- Hawthorne Heights: shouty modern-style emo-rock with an ambitious approach
w/ Halifax, The Sleeping, Raise the Sun
Mon. May 1
2390 W. Aviation Ave.
In singer/guitarist J.T. Woodruff's view, "pressure" is a word that has no place in his vocabulary. "We never really worry about pressure because we just kind of do what we do and we have fun," he says. "You can't really sit back and worry about what somebody's going to say or worry about anything like that when it comes to writing songs."
That outlook is a good thing. The lead singer and guitarist of Dayton, Ohio-based modern rock band Hawthorne Heights has certainly had opportunities to become thoroughly acquainted with that feeling. Two years ago, when Hawthorne Heights were writing and recording their debut, The Silence In Black & White, Woodruff was facing the prospect that this batch of songs might serve as his last shot at a career in music. He had been in a series of bands, and, at age 25, he knew he couldn't continue living the way he was much longer.
"The lyrics on that first album are pretty dark because I was pretty unhappy at that point," Woodruff says. "Some of those songs were written before we were signed, before there's a light at the end of the tunnel. So it's like 'All right, dude, I'm working at a gas station and I'm delivering pizzas and going to community college. Where can you tell me there's a light at the end of the tunnel when you're doing that all day and all night?'"
In approaching If Only You Were Lonely, released in late Feb., Woodruff could very easily have felt an entirely different kind of pressure. The Silence In Black & White became one of rock's quieter success stories of 2004-'05, gradually gaining momentum until it topped 500,000 copies sold.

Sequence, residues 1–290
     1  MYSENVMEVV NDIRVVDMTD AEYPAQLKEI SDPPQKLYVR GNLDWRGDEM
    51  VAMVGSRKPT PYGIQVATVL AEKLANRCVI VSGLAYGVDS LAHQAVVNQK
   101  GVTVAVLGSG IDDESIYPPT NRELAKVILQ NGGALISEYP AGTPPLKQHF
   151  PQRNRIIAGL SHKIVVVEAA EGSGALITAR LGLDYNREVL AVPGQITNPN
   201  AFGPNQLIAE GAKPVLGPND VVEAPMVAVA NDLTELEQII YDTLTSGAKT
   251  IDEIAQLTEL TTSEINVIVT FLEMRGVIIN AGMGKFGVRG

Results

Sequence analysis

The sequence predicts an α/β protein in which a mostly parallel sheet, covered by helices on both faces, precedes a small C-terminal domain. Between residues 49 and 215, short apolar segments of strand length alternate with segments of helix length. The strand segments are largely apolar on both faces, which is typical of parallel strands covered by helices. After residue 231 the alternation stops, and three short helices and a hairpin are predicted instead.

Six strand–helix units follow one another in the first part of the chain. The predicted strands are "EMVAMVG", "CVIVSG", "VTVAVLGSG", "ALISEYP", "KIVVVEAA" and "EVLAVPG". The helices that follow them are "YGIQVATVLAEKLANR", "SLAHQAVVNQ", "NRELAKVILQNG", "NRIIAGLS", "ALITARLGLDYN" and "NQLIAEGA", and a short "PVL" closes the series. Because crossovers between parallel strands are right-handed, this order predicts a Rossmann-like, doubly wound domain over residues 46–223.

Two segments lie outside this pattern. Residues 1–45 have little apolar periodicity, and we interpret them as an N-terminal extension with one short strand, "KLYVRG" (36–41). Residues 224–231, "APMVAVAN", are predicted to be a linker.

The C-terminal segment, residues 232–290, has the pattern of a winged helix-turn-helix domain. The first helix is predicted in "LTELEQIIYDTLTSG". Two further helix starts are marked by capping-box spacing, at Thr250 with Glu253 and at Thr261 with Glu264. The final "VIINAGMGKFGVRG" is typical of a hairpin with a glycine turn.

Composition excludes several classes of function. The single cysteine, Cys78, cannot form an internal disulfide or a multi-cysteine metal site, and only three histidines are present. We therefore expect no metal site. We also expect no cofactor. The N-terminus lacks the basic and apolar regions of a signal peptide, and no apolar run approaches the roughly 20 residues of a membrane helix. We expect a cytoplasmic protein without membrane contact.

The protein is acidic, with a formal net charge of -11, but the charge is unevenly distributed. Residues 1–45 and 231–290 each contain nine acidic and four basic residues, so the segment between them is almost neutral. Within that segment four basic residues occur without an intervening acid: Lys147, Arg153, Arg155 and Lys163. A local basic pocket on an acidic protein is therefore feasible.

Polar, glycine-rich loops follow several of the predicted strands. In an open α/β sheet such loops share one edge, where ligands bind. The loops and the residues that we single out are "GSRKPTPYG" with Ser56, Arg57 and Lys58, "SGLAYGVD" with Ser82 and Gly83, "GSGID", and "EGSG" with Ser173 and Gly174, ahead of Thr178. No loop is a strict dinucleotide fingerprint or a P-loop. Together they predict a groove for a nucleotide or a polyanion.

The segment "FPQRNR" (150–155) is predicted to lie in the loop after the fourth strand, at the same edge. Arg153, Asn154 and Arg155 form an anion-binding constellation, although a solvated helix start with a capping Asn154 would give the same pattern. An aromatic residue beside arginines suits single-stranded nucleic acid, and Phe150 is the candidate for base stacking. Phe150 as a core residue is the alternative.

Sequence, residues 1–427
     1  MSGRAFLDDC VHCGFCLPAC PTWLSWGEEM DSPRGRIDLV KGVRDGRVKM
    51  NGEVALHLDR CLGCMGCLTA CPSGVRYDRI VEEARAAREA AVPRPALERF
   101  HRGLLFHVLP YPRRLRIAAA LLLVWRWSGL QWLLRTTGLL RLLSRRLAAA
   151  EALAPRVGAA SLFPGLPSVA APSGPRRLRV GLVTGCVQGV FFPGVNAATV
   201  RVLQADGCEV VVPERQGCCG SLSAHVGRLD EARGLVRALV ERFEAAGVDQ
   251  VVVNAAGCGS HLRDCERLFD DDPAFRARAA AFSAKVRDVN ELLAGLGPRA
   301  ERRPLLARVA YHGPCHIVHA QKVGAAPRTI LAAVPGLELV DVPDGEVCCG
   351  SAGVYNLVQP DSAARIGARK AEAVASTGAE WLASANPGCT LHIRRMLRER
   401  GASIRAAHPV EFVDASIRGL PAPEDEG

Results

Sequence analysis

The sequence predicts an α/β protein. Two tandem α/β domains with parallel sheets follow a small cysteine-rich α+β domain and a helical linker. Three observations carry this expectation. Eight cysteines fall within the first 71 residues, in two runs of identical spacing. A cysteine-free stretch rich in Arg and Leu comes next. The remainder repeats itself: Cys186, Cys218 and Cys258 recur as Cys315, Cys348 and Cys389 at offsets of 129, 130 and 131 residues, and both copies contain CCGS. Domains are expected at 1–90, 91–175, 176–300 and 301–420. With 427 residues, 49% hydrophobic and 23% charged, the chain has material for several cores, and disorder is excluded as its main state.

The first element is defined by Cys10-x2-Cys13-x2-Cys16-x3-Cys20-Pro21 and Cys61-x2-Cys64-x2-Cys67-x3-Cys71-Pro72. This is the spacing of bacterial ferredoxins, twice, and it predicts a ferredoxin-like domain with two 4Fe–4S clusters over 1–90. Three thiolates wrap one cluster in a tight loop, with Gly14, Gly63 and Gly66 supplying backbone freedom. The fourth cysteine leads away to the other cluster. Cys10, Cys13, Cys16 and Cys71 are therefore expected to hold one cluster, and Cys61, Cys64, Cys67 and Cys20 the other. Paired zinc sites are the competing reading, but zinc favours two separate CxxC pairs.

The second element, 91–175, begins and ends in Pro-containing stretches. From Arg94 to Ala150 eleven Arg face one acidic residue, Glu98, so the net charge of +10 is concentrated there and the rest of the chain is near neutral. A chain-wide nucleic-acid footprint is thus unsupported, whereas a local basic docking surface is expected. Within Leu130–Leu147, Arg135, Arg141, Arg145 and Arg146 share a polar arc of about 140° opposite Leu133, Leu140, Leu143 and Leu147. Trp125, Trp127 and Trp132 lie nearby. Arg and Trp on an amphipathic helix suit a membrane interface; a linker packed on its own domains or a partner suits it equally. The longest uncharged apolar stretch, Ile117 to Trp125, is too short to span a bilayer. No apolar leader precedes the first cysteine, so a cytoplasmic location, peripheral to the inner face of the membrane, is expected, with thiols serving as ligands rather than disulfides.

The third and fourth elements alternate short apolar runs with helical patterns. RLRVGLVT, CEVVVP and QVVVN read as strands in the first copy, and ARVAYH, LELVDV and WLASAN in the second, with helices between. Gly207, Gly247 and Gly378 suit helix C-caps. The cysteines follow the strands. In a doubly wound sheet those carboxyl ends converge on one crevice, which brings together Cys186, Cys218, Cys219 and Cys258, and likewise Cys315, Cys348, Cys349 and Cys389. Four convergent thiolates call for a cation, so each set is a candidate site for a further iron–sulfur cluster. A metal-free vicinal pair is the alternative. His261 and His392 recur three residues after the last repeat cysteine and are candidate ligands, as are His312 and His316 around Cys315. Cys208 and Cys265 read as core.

Prior to the release of the Heights' new album, their label Victory Records openly predicted it would sell 200,000 copies in its first week of release and debut at number one on the Billboard album chart. If Woodruff and his bandmates had their hearts set on attaining those first-week numbers, he didn't show it in this interview.
"Just from a band standpoint, we don't have any expectations," he says. "We never thought we would ever make the Billboard chart in our lives, let alone think about debuting in the top five or anything like that."
As it turned out, the disc debuted at number three, moving 114,000 copies in the first week — an impressive total that showed just how far Hawthorne Heights has come in a fairly short career that began in 2001.
With If Only You Were Lonely, Woodruff and his bandmates — guitarists Casey Calvert and Micah Carli, bassist Matt Ridenour, and drummer Eron Bucciarelli — give fans more of what attracted them to Hawthorne Heights' music in the first place: plenty of hard-hitting, yet melodic guitar rock spiced with sung and screamed vocals.
"If people listen to our last album and listen to our new album, I think they will say, 'well, this sounds like a better version of their first album,'" Woodruff says. "We really wanted to keep that. We wanted to sound like we sound. We want to do what we have succeeded with."